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Hoffman Estates High School ESRP 2019

Examining the Crystallization of Gold Nanoparticles Based on Variable Surface Pressure


  • Students:
    • Ariana Correia
    • Samuel Darr
    • Amber Dellacqua
    • Darshan Desai
    • Parita Shah
    • Shraddha Zina
  • Teachers:
    • Wayne Oras
  • Mentors:
    • Mrinal Bera (University of Chicago, NSF’s ChemMatCARS)
    • Wei Bu (University of Chicago, NSF’s ChemMatCARS)
    • Binhua Lin (University of Chicago, NSF’s ChemMatCARS)
    • Morgan Reik (University of Chicago, NSF’s ChemMatCARS)
    • Jake Walsh (University of Chicago, NSF’s ChemMatCARS)

Advanced Photon Source Sector 15: ChemMatCARS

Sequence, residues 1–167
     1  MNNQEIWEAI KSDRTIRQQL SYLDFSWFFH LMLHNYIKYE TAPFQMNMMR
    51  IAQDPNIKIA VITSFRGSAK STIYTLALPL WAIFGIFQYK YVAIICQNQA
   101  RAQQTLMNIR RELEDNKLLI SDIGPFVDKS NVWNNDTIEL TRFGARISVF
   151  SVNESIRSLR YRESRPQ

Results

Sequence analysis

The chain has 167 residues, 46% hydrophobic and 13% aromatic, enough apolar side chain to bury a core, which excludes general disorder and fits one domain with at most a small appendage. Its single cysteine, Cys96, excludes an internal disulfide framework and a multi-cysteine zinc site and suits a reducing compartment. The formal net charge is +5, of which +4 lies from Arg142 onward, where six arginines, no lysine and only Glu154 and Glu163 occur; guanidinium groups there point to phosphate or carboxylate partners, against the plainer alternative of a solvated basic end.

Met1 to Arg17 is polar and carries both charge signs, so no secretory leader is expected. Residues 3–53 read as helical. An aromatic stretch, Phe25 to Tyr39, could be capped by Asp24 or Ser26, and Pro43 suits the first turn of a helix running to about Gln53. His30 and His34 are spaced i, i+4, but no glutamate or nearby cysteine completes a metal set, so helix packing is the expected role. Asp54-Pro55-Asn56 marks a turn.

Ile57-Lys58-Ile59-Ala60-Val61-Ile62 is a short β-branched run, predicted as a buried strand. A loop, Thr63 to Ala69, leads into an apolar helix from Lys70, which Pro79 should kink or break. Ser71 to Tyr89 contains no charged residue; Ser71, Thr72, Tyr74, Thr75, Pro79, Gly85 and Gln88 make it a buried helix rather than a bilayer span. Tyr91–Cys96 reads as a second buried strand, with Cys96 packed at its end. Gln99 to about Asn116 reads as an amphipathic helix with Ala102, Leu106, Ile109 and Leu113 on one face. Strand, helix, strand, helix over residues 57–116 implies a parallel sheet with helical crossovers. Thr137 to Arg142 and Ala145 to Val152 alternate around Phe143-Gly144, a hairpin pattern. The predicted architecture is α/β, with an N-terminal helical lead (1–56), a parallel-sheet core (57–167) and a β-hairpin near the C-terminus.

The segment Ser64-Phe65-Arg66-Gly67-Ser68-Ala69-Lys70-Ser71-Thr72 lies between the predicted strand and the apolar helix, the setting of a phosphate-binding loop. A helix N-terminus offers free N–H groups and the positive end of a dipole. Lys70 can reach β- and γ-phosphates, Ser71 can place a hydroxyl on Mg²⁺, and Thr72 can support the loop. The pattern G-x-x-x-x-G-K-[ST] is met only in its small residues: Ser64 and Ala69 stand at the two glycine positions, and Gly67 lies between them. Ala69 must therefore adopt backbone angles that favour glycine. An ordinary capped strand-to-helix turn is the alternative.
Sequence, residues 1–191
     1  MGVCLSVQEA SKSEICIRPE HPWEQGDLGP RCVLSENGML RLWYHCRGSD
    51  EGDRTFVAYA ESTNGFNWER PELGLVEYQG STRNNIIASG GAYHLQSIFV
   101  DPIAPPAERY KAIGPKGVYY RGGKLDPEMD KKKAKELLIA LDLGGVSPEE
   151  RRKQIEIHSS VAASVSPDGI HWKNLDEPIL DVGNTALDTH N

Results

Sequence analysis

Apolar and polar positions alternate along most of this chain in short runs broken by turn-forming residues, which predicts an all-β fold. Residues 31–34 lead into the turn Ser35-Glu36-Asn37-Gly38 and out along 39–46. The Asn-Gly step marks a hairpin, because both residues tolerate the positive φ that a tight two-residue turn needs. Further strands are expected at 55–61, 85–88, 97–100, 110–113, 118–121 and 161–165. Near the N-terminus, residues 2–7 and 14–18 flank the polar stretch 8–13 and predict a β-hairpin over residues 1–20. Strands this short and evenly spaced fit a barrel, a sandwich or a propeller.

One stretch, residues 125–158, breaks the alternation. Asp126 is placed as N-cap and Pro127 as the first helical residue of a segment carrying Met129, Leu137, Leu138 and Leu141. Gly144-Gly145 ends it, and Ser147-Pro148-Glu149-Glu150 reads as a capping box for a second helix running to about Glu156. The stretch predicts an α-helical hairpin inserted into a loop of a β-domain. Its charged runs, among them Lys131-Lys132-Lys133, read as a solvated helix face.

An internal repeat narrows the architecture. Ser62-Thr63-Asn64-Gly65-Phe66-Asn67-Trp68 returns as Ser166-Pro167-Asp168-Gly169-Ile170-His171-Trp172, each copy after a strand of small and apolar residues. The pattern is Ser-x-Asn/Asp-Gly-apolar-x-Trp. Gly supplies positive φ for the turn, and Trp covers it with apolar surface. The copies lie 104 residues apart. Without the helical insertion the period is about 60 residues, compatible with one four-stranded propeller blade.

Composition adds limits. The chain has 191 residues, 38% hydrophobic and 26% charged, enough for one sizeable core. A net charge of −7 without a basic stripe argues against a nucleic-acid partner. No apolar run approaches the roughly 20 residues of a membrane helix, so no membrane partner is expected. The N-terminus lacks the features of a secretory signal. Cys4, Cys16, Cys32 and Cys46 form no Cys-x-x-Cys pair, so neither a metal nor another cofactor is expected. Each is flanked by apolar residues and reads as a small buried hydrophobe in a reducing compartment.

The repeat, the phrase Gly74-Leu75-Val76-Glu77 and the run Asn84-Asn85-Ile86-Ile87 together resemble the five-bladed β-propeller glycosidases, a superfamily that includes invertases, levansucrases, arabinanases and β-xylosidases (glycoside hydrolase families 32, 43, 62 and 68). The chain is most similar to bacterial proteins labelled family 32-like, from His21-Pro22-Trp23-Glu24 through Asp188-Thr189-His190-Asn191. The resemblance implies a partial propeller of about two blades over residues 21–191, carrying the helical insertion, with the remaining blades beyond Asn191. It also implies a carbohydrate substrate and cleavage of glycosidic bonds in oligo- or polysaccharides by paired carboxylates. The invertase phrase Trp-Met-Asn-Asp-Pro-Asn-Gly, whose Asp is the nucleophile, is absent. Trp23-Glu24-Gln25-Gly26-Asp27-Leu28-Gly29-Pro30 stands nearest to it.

Nanoparticle films have a wide range of applications that include sensors, transistors, photovoltaic cells, and filtration devices; however, their self-assembly is still being explored. Nanoparticle films have unique properties that include superparamagnetism, surface plasmon resonance, and quantum confinement. Analyzing the properties of self-assembled nanoparticle films and tunable nanoscale crystal structures will open mankind to a series of inventions and innovations in the fields of materials science and nanoelectronics. In previous experiments with Lad (II) Sulfide nanoparticles, our team had observed that the type of ligands as well as their surface density can alter interparticle spacing. The aim of these experiments was to analyze the three-dimensional structure of the crystallized nanoparticles. This year, however, the ligand type and surface density will remain constant during crystallization by varying the surface pressure and presence of additional ligands. The change in pressure will cause an increase to form multilayers and thus the crystal structure. Hence, the specific goal of this research is to ascertain the direct structure of Gold nanoparticles in two-dimensions.

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